|Family History Notes||1. George1 Horner, born say 1690, was the common-law wife of Matilda, a "free mulatto woman," in Somerset County, Maryland. She was the servant of Captain Arnold Elzey of Monacan Hundred on 10 March 1707/8, 8 November 1710, and 7 March 1710/11 when she was presented by the Somerset County court for having an illegitimate child. She identified George Horner as the father in each case. The court ordered her to serve her master additional time for the trouble of his house and fined George 600 pounds of tobacco for each offense. She was called "Martilldo ... a certain Mollato Woman servant to Capt. Arnold Elzey" when she petitioned the Somerset County court on 26 November 1713 stating that she was about twenty-two to twenty-three years old and should have been free at age sixteen. The court ruled that she serve six years for fines, court costs, and the trouble of her master's house (for having children). They had another child before 12 November 1714 for which Martildo was ordered to receive ten lashes and serve another six months [Judicial Record 1707-11, 69, 100-1, 431, 451, 453; 1711-13, 299-300; 1713-15, 12, 127-8, 176; 1715-17, 57]. George was living on land belonging to John Bozman on 26 April 1716 when Bozman made his Somerset County will. He was taxable in Manokin Hundred from 1723 to 1740: taxable on William Horner in 1725, on Martilder and William in 1727, on Martilder, William and George Horner in 1728. He was called George Horner, Sr., in 1739 when he was head of a household with Mertildo and John and Arnold in Manokin Hundred. He died before 14 April 1744 when the inventory of his Somerset County estate was valued at over ?112. The June 1745 account of the estate divided the proceeds among his wife Matilda, adult children: Arnold, Elizabeth, and Charles and his underage children: Samuel, Robert, and Mary [Land Records Liber AC-25:12; Baldwin, Maryland Calendar of Wills, 4:88; Maryland Inventories, Liber 29:207; Maryland Accounts, Liber 21:413; Davidson, Free Blacks on the Lower Eastern Shore of Maryland, 52]. Matilda was head of an Annamessex Hundred household with Samuel and Robert Horner in 1749. George and Matilda's children were i. ?George2, Jr., born say 1710, taxable head of his own household in Somerset County in 1733, not mentioned in the distribution of George Horner's estate in 1744. The Somerset County court indicted him for stealing 30 pounds of tobacco from William McClemmey on 1 August 1740, and in November 1749 the court convicted him of stealing a calf which belonged to George Irven and ordered him to pay four times the value [Judicial Record 1740-2, 36; 1749-51, 15]. ii. Arnold1, born say 1712, taxable in Manokin Hundred in 1739. He was living on "Manlowe's Lot" in 1748 when he was sued in Somerset County court for four years back rent [Judicial Records 1747-49, 161, 232]. In March 1749/50 David Wilson sued him for ?4 due by promissory note [Judicial Records 1747-49, 161, 232; 1749-51, 59, 156]. iii. Elizabeth1, born say 1716. iv. Charles, born say 1722, taxable in John Rigsby's Somerset County household in 1748. v. Samuel, born say 1728, underage in 1744, taxable in his mother's household in 1749. vi. Robert, born say 1730, underage in 1744, taxable in Somerset County in 1749. vii. Mary, born say 1732, underage in 1744. Their descendants were i. William, born say 1720, a planter who was convicted by the Somerset County court in 1742 of stealing hogs worth 500 pounds of tobacco and given 15 lashes [Judicial Record 1742-4, 87]. ii. Arnold2, Jr., charged in Somerset County court on 16 June 1767 with assaulting William Luke. he was called Arnold Horner, Jr., planter on 20 August 1771 when he admitted owing John Bell ?10.15 [Judicial Record 1766-7, 160; 1769-72, 208]. iii. Elizabeth2, confessed to the Somerset County court on 5 August 1766 that she had a child by James Shingwich and confessed to a child by James Ring on 17 March 1767. She was acquitted of stealing petticoats from Mary Caldwell in March 1769 but convicted of stealing articles worth 992 pounds of tobacco in June 1769. The court ordered that she stand in the pillory for thirty minutes, receive thirty-nine lashes and be sold for fourfold the value of the articles [Judicial Record 1766-7, 14a, 106; 1767-9, 257; 1769-72, 50]. She was sentenced to death by hanging but pardoned by the Governor on condition she leave Maryland [Archives of Maryland 32:315].|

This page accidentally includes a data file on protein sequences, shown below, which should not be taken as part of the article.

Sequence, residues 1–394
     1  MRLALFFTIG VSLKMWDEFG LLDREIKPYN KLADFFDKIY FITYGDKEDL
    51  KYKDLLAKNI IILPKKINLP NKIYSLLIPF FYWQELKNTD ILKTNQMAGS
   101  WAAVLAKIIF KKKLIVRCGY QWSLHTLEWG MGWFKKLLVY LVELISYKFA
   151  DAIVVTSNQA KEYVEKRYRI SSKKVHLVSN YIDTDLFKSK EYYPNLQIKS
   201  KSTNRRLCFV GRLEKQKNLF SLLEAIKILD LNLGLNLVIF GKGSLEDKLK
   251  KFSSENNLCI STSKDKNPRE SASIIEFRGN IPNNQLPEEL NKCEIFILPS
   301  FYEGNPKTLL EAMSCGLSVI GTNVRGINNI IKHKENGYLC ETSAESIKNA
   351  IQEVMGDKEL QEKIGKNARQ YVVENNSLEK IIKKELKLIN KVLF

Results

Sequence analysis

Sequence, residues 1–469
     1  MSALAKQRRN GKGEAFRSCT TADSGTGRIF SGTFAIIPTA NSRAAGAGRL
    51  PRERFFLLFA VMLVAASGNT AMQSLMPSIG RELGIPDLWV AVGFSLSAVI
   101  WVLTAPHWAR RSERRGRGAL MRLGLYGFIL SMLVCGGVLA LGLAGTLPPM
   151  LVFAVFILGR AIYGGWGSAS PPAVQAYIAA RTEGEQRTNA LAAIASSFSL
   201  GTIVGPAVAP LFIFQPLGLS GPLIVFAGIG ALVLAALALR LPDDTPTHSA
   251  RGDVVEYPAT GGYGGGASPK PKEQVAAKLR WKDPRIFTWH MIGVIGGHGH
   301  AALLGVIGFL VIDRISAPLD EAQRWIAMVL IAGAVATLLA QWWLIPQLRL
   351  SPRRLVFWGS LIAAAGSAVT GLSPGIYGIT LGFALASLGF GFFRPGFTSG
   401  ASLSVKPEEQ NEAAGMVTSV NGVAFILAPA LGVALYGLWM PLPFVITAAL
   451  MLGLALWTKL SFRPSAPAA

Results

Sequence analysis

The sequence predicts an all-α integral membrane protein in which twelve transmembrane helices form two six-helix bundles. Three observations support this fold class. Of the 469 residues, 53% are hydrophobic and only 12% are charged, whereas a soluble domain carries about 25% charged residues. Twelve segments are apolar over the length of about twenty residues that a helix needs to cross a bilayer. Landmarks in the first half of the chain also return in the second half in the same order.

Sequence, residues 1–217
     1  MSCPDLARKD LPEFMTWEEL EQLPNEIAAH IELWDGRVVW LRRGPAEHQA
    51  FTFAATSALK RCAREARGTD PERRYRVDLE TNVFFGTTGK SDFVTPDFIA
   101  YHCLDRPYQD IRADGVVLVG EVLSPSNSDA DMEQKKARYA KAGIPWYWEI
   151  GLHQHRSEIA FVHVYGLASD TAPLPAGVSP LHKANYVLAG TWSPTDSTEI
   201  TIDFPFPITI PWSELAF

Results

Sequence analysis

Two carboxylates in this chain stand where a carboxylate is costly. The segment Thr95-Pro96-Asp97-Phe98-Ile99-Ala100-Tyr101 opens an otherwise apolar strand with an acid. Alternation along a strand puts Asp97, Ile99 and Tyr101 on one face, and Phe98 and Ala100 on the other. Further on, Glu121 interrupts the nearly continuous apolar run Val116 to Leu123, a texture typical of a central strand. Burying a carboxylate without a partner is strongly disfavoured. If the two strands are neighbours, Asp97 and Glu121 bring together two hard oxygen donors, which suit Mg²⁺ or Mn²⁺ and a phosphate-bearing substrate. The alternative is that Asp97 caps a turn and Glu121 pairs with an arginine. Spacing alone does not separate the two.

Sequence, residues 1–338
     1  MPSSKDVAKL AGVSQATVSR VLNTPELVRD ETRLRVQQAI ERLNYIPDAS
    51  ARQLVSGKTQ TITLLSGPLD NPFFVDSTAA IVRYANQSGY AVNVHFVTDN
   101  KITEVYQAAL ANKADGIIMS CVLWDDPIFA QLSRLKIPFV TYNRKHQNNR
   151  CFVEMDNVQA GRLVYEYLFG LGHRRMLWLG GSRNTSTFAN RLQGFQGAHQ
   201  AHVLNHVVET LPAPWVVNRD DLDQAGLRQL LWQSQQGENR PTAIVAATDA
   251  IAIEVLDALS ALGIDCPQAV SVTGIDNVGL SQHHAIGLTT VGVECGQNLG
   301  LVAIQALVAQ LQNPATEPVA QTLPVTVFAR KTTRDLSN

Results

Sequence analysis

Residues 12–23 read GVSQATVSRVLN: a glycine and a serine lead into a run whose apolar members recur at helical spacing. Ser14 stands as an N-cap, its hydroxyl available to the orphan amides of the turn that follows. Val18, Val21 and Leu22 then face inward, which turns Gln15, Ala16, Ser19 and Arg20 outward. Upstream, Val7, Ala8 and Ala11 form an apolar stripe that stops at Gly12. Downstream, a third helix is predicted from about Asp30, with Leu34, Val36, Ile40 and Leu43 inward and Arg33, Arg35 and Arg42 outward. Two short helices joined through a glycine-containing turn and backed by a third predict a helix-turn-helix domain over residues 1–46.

If you are citing this record, please use the following format:
[Author (if known)], Free Black Families of Colonial Delmarva (abstracted by Paul Heinegg),
[Date (if known)], Enduring Connections: Exploring Delmarva’s Black History, Nabb Research Center, Salisbury University.